Jun-jie Zhang (Department of Cardiology, Nanjing First Hospital, Nanjing Medical University, Nanjing, China) and others report in the Journal of American College of Cardiology that percutaneous coronary intervention (PCI) guided by intravascular ultrasound (IVUS) is associated with a significantly lower rate of clinically-driven target vessel failure in all-comers patients than is angiography-guided PCI. This is the first time that benefits of the IVUS-guided PCI have been shown in an all-comers population.
Zhang et al report that data for the benefit of IVUS-guided PCI for simple lesions is “unclear”. “Moreover, whether the beneficiary effect of IVUS-guidance is still present in the modern drug-eluting era still remains to be unknown, the authors add. They write: “Accordingly, this prospective multicentre, randomised trial was designed to compare the efficacy and safety between IVUS-guided and angiography-guided second-generation drug-eluting stent implantation in all-comers patients with coronary artery disease.”
In the study, 1,448 patients were randomised to undergo angiography-guided PCI (724) or IVUS-guided PCI (724). The authors report that optimal stent implantation with angiography guidance was defined as “thrombolysis in myocardial infarction grade 3, residual stenosis <20, and the absence of ≥type B dissection” while optimal stent implantation with IVUS was defined as “minimum lumen area in the stented segment >5mm2 or 90% of the minimum lumen area at the distal reference segments, plaque burden at the 5mm proximal or distal to the stent edge <50%, and no edge dissection involving media with length >3mm”. They add that 471 lesions of 404 patients in the IVUS group did not meet all three criteria for optimal stent implantation with IVUS and, after multiple use of post dilatation, 384 (578 lesions) met all three criteria. Furthermore, Zhang et al report, larger and longer stents were used in the IVUS guidance group.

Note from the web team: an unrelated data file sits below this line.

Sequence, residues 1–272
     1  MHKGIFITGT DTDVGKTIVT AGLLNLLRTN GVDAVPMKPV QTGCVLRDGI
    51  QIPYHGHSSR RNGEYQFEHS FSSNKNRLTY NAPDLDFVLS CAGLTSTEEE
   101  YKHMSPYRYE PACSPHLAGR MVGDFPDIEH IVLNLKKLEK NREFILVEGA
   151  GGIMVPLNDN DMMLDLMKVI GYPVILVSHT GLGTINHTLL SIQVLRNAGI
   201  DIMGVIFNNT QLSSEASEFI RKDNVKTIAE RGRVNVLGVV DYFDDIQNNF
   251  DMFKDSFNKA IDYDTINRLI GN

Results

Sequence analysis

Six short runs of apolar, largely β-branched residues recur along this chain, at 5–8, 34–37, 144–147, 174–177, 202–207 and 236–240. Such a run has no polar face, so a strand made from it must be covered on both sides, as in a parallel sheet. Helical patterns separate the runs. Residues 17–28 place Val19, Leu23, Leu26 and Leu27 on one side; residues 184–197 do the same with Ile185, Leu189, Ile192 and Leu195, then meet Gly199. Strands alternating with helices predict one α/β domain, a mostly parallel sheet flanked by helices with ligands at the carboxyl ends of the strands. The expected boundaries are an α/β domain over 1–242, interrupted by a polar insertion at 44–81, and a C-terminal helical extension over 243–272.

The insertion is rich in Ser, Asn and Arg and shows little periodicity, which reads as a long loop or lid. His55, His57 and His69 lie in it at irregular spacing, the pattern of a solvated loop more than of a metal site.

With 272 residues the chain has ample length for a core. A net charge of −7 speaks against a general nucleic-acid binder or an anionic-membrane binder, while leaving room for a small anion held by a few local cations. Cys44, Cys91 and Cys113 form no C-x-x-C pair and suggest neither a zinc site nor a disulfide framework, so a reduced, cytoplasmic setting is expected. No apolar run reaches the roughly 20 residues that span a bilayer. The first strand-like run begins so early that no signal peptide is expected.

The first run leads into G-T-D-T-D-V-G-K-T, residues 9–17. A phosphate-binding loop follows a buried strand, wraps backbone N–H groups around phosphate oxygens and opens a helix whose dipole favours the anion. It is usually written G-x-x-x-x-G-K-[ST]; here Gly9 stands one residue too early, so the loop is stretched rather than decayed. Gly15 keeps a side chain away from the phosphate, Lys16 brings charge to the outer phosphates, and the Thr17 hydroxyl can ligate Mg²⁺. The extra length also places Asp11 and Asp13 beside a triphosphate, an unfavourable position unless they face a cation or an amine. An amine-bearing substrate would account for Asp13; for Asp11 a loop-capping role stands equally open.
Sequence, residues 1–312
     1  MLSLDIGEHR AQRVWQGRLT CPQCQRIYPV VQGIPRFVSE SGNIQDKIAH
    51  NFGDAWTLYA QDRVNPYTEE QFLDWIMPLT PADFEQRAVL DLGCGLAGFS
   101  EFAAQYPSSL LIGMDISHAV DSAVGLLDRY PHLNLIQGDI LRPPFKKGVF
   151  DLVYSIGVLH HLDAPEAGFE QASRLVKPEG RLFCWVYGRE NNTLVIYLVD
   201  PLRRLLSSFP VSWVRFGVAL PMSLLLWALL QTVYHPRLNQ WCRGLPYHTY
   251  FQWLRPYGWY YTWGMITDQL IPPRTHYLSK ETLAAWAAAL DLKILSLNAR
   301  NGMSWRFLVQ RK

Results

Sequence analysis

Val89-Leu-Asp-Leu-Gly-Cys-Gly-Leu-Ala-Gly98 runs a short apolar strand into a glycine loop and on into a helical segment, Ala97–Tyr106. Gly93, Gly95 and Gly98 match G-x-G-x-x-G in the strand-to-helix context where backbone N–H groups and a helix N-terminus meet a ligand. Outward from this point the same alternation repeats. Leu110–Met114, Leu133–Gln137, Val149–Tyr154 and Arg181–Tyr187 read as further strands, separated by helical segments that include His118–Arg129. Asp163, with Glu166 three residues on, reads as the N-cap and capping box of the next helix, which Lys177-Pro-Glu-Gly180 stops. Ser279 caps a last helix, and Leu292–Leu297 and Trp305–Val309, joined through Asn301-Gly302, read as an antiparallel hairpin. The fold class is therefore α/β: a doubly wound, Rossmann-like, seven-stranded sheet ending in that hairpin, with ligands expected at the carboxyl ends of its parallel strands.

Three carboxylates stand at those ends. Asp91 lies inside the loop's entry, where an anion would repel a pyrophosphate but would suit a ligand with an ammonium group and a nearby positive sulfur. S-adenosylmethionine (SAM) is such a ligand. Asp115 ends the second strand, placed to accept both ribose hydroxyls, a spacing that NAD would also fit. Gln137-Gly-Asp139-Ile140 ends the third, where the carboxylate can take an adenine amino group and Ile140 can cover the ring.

The primary endpoint was the 12-month rate of clinically-driven target vessel failure, which was significantly reduced in the IVUS group: 2.9% vs. 5.4% for the angiography group (p=0.019). Zhang et al comment: “Patients who met the optimal criteria had a lower rate of target lesion failure at 12 months (1.6%) compared to that in patients who had a suboptimal PCI procedure (4.4%; p=0.029).” In particular, patients with IVUS-defined suboptimal procedure had a similar rate of the primary endpoint as those in the angiography group. There were no significant differences between groups in the components—clinically-driven target vessel revascularisation, target vessel myocardial infarction, and cardiac death—that comprised the primary endpoint. The authors report: “IVUS guidance was critical to modify plaque (complex lesions), to guide postdilatation, subsequently leading to less composite target vessel failure. As a result, with the guidance of IVUS, precise selection of right non-compliant balloon was the basis for achieving an optimal PCI.”
There were not any significant differences between groups in the composite endpoint of definite stent thrombosis and clinically-driven target lesion revascularisation. However, in a lesion-level analysis, this composite endpoint was lower in the IVUS group: 0.9% vs. 2.3% in the angiography group (p=0.02).
“In the present multicentre randomised trial in all-comers patients, IVUS-guided drug-eluting stent implantation resulted in lower incidence of target vessel failure, particularly for patients who had an IVUS-defined optimal procedure, compared with angiography guidance,” Zhang et al conclude.
Coinciding with its publication in Journal of the American College of Cardiology, the study (ULTIMATE) was presented (by Zhang) at the 2018 Transcatheter Cardiovascular Therapeutics (TCT) meeting (21–25 September, San Diegeo, USA).